Top Tags

Topaz Labs ReMask 3 plug-in for Photoshop

Reviewer: Bruce M. Herman, AAUG member
Product: Topaz Plug-in Bundle: ReMask 3
Company: Topaz Labs
Contact: www.topazlabs.comPrice: $69.99 purchased alone, $199.99 with the Topaz Plug-in bundle
Pros: Easy masking of simple shapes with fuzzy edges, such as a person with hair
Cons: Does not work well on large, complex items such as trees with extensive areas where sky and leaves intermix; maximum paint brush size is too small

moose

Moose: 3.5 out of 5

Test platform: Mac Pro with OS X v 10.6.6with 64 bit extensions, 14 GB RAM, Photoshop CS5, Aperture 3.

Conflict of interest: Topaz Labs provided a free copy of the plug-in suite which includes ReMask 3 to the AAUG for the purpose of the review.

The primary purpose of Topaz Labs ReMask 3 is to cut out a portion of a photograph so that it can be used with another photograph.  For example, many people have seen the photograph of a polar bear in the middle of a desert.  This is a composite of two photographs, the foreground bear and the desert background.  The tricky part of the effort is extracting the polar bear image from within its original image and still keeping all of the hair around the edge of the bear.  This used to require a great deal of work, but new technology has made this a bit easier.  ReMask 3 claims to be the easiest and best at doing accomplishing this task.
The fundamental process is to create a “mask” which is an outline of the area to be cut out.  Masks have a much broader role in Photoshop, where they are used to limit the area affected by adjustments such as color changes or blur.  ReMask 3 allows a mask created within the plug-in to be saved and used just like any other mask.  This is the manner in which I used the software, but the workflow within ReMask 3 is nearly identical for either extraction or mask creation.  The only difference is a setting within the preferences that allows the mask to be saved after running ReMask.

ReMask 3 is quite different in operation from any of the other plug-ins in the Topaz Labs plug-in bundle, but Topaz Labs has put together an excellent video tutorial on their web site that explains how to use the program.  There are also some hints on the Topaz Labs Blog about using the software.  ReMask 3 opens with the entire photograph covered in a green tint, which is the color applied to areas to be masked or extracted.  Basically, you paint a rough outline in blue with a brush around the area that you want to extract or mask, and then fill the area external to this with red.  The blue area encompasses all of the difficult areas, such as wispy hair or leaves on a tree in addition to the sharp boundaries between the areas to be kept and excluded.  The broader the area in which the item to be masked and the background are mixed, the greater the area that has to be painted in blue.  For example, a wispy tree with lots of blue sky visible through the leaves would have to be painted almost entirely in blue.  The trunk would remain green or be painted green.  This is a very difficult test of the software and the very example explored in the Topaz Labs video.  It is also one of the tests that I gave to the plug-in.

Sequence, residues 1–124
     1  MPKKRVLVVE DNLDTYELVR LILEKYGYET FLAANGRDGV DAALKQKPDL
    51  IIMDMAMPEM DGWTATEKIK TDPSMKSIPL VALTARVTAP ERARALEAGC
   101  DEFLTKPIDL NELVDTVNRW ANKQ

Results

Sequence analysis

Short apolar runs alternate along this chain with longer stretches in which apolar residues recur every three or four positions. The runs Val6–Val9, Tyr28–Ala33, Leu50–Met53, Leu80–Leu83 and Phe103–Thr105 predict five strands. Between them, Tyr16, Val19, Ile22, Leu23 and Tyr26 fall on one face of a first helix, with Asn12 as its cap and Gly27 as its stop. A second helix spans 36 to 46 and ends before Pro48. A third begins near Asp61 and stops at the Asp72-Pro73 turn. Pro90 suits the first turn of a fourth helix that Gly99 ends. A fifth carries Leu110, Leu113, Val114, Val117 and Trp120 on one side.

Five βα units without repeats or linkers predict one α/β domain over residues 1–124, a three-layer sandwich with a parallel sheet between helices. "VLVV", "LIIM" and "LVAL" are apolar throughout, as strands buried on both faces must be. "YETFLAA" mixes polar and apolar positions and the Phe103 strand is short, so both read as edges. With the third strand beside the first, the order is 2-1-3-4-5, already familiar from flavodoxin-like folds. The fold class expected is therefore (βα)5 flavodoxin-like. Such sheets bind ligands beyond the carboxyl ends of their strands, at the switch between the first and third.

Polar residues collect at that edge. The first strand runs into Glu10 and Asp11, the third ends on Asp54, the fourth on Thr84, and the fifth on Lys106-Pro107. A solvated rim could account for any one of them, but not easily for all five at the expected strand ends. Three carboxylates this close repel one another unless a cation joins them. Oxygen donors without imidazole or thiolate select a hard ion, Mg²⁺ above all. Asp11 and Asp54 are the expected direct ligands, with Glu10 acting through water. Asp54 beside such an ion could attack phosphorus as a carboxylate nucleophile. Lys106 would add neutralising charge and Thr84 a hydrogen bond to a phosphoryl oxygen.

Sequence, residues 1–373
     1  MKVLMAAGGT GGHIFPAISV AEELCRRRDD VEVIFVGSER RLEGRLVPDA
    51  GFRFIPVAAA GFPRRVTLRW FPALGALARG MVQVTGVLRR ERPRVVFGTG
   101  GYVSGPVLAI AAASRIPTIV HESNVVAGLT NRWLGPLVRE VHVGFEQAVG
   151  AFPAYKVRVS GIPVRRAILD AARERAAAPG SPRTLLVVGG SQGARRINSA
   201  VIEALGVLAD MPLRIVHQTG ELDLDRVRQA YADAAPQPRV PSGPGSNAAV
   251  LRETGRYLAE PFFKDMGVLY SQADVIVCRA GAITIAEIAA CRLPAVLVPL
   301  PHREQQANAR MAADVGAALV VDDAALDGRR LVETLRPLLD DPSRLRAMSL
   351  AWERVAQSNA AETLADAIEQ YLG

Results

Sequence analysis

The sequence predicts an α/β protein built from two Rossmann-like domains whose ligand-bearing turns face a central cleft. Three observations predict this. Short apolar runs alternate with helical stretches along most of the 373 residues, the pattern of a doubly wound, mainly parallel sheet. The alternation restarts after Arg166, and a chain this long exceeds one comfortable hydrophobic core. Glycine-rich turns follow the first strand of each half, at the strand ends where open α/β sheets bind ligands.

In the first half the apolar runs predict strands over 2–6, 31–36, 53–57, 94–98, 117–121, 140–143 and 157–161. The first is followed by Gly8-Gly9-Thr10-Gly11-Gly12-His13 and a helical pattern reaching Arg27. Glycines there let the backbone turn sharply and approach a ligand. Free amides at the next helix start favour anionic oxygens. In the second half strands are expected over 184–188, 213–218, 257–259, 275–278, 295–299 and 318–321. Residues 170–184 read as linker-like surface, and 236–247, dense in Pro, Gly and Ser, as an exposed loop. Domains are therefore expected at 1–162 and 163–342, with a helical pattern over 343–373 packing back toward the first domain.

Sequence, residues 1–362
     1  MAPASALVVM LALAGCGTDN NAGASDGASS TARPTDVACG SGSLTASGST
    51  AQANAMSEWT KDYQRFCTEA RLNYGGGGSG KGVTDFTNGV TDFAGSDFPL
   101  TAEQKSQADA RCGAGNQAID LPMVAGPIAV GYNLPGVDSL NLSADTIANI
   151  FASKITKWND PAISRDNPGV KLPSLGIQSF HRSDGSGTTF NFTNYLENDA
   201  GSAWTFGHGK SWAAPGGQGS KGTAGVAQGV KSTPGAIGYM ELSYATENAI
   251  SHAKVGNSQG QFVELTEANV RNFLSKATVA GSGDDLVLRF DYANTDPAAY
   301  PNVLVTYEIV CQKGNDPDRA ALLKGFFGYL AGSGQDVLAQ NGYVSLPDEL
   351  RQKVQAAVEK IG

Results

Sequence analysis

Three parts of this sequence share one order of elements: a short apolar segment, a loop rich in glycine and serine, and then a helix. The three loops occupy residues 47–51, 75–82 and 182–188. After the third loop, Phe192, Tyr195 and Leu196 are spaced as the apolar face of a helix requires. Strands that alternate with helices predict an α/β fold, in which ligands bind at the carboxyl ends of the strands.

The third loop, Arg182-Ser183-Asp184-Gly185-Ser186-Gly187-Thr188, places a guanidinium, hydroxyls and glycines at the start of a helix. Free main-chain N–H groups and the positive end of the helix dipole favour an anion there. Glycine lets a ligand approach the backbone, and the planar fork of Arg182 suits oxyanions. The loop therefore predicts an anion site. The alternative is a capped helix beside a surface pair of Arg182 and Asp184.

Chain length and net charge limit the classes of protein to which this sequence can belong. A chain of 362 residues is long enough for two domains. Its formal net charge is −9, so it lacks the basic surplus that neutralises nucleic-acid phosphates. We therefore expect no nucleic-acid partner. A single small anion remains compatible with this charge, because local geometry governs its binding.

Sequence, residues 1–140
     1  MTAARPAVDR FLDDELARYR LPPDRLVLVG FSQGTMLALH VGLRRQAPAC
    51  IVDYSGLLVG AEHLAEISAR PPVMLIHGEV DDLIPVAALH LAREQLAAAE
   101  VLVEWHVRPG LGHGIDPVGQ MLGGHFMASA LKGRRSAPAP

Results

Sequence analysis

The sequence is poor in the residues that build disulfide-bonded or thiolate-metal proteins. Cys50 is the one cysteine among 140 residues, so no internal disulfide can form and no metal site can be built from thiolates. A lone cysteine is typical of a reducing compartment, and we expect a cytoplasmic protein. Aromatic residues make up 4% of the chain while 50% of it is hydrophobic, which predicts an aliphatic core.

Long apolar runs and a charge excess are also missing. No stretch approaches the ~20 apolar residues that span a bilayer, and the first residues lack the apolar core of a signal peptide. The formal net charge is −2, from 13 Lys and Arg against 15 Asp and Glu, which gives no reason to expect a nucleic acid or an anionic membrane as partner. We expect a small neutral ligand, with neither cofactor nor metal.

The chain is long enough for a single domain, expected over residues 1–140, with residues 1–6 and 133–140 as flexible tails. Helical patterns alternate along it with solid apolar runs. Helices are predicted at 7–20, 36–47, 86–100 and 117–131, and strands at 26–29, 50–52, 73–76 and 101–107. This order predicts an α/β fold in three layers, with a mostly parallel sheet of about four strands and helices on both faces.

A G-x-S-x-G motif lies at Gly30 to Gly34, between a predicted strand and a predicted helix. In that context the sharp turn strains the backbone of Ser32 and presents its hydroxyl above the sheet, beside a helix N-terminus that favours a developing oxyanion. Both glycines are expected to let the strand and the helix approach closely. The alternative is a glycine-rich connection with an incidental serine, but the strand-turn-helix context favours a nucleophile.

The photograph is of a bristle cone pine tree with blue sky behind most of the limbs and foliage and was made on 4×5 inch film, which was subsequently scanned at 2540 dpi.  The file size is approximately 650 MB.  The tutorial video suggests that you first outline the tree with the blue color on the paint brush.  Then, because so much of the area within the outline has blue sky showing through, you would then fill the entire outline with blue.  This means that the software will determine the boundaries of the mask.  Two problems are immediately encountered with this approach.  The first is that the maximum brush size that ReMask 3 supports is only 100 pixels. This makes drawing the outline around a large complex shape very time consuming.  The tutorial then recommends that you fill the area of the tree with mixed foliage and sky with blue, and allow the software to determine the area of the mask.  This fails with the full size image because the program returns an error message saying that the area in blue is too large.  This even failed when the image was reduced to 5800×7000 pixel image for printing at 16×20, where the maximum paint brush size was still too small to make quick work of outlining the area of interest.  I also found it difficult to modify the mask when it was made in the larger file.

Aside from the brush size, ReMask 3 works well even for large files when the area too be masked or extracted is compact with little mixing of the subject to be extracted with the background.  The polar bear would be a good example of a subject that could be well extracted regardless of the file size.  This would be a case in which REMask 3 is superior to Photoshop’s internal masking tools.

I think that there are certainly enough photographs in which I would use ReMask 3 to justify purchase of the standalone plug-in.  It comes with the Topaz Labs plug-in suite, and I think that it’s a worthwhile addition there, too.  I don’t know what needs to be done to allow a large brush size, but this would be my highest priority for modifying the program.  Allowing it to work with a larger area would be my second priority, but would still be a high priority.  I give Topaz Labs ReMask 3 3.5 moose.

remask-ex.jpg

Add Your Comments

You must be logged in to post a comment.